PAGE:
Sunday, December 14, 2003

Shooter keeps evading law

As investigation continues, police hope gunman calls

By Janice Morse
The Cincinnati Enquirer

COLUMBUS - The best hope for catching the I-270 shooter may be the suspect himself.

An uneasy quiet prevails along a nine-mile, semi-rural stretch of south Interstate 270, where police think 15 shootings - one fatal, the rest striking vehicles and buildings, including a school - are related.

Anyone with information helpful to the shooting investigation should call (614) 462-4646. Reward for information leading to the arrest and indictment of those responsible for the shooting death of Gail Knisley stands at $30,000.
Details about some of the 15 shootings under investigation:
May 10: A 37-year-old woman runs out of gas around 4 a.m. in the westbound lanes of I-270 east of I-71. After walking for help, she returns to find the car's windshield shot out and the hood damaged.
Aug. 31: A 41-year-old woman from Akron finds a bullet hole in the back of her horse trailer hours after driving on eastbound I-270.
Oct. 10: A woman driving north on U.S. 23 north of I-270 had a flat tire. She didn't know the tire had been shot until she took the flat to be repaired.
Oct. 11: A 36-year-old man was driving along I-270 when a bullet struck the rear side panel of his car.
Nov. 11: A bullet breaks a window at 1:35 a.m. at Hamilton Central Elementary in Obetz, about 3/4 of a mile from the freeway.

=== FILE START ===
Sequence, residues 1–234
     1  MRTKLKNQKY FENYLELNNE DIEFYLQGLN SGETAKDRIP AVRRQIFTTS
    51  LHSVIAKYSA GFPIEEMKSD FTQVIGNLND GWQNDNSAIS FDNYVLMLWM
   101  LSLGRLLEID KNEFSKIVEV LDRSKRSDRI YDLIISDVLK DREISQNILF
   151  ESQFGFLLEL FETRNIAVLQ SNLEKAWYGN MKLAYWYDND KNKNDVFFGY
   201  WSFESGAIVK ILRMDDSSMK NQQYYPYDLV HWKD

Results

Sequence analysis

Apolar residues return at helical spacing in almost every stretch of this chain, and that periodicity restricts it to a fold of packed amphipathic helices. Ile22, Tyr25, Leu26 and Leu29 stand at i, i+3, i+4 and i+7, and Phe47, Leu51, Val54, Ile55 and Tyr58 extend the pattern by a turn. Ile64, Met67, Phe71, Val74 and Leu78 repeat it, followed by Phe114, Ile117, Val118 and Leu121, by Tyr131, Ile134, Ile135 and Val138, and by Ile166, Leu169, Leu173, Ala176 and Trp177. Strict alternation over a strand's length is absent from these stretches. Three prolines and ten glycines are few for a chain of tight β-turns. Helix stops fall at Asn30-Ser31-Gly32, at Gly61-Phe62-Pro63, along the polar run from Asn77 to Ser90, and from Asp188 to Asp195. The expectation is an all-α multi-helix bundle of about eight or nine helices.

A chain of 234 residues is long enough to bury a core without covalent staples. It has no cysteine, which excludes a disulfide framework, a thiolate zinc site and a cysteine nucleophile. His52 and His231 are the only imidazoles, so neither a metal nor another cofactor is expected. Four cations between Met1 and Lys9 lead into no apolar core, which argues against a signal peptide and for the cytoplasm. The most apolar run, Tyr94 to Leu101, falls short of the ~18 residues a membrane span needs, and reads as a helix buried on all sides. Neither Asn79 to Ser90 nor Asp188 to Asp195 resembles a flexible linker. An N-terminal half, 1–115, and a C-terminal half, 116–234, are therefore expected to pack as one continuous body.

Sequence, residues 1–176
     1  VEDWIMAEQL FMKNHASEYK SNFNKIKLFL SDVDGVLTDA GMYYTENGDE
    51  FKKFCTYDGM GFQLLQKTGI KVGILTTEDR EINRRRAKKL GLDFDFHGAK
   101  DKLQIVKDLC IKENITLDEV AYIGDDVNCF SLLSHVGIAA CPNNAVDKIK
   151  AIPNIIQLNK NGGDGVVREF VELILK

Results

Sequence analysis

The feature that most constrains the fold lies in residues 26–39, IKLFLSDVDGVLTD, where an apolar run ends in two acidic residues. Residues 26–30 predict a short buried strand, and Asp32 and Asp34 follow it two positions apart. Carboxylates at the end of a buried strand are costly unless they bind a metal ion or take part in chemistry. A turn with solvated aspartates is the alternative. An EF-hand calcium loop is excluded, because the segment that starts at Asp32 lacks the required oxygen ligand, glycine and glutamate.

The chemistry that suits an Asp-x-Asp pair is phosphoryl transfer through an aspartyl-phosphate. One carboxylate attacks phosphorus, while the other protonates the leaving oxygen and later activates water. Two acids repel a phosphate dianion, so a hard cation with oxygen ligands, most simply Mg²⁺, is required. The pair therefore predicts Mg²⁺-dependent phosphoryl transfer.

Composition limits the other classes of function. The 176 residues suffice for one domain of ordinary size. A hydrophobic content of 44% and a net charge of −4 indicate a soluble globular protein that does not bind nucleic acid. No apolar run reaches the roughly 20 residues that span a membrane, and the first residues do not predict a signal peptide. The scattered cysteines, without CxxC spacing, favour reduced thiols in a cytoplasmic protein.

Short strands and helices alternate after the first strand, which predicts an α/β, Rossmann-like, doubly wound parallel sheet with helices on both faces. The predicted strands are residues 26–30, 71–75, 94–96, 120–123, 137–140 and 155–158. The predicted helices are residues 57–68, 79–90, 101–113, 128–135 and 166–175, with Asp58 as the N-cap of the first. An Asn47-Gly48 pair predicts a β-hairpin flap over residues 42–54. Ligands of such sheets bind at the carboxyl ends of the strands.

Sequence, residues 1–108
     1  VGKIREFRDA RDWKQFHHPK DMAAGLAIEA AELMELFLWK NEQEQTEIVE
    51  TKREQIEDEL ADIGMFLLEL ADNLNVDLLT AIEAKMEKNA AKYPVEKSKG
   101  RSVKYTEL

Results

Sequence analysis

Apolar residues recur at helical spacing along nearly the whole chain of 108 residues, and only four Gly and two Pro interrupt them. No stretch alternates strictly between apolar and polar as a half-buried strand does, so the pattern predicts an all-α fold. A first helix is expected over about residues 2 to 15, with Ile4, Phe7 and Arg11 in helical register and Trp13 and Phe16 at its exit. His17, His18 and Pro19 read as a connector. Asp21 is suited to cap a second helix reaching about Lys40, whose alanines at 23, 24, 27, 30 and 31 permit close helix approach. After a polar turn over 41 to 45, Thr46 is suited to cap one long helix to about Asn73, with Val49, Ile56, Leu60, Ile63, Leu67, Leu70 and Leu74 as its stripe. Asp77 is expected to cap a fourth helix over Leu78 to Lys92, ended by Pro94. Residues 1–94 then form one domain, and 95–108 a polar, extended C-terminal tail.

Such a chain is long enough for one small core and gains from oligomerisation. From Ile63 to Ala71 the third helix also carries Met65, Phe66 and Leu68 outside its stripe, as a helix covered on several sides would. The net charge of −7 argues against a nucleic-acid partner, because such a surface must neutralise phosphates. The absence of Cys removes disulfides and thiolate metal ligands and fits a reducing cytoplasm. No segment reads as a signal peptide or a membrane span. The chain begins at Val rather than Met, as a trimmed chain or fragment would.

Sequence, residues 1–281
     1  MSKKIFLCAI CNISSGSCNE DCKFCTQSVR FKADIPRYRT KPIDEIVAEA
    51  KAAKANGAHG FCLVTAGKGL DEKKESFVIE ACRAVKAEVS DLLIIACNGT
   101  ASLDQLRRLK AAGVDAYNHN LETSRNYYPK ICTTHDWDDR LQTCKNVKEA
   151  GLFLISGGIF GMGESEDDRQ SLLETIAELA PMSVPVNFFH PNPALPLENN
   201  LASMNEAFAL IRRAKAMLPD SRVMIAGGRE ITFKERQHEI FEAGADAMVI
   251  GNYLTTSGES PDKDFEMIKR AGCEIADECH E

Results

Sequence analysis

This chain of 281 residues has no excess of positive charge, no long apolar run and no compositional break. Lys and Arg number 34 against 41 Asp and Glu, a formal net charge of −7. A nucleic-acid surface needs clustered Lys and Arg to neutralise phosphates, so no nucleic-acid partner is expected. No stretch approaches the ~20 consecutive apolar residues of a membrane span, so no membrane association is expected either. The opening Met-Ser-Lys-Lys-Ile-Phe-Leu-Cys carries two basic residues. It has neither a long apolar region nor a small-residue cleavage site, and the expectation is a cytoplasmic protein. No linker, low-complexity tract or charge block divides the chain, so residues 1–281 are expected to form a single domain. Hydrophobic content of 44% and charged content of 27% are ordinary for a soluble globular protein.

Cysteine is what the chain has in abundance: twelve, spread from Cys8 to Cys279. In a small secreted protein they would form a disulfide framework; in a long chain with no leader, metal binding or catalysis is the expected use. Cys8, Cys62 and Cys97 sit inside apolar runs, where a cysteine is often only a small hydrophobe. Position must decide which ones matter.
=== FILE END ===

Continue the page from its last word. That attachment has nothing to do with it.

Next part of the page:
Nov. 17: A United Parcel Service truck was eastbound on I-270 around 11 a.m. between Parsons Avenue and U.S. 23 when the driver reported hearing a noise. A bullet hole was found in the door behind the driver's seat.
Nov. 21: Edward Cable, 53, a retired prison guard from Lucasville, reports bullet fired into his minivan about 7:40 p.m. on U.S. 23 south of Rathmell, 1.5 miles from I-270.
Nov. 25: Gail Knisley, 62, of Washington Court House, is killed about 10 a.m. on I-270 near I-71 when a bullet rips through the driver's door of the Pontiac Grand Am driven by a friend.
Nov. 30-Dec. 1: Emma Fader reported that between 11 p.m. Nov. 30 and 3:30 p.m Dec. 1 someone shot the front of her house near I-270.
The Associated Press
Extra police patrols and motorists in the area about 90 miles north of Cincinnati scan the terrain for anything suspicious, along with surveillance cameras that were installed last week. Police are saying little as they plow through nearly 2,000 leads called in to their tip line - and the shooter has so far ignored officers' attempts to reach out to him.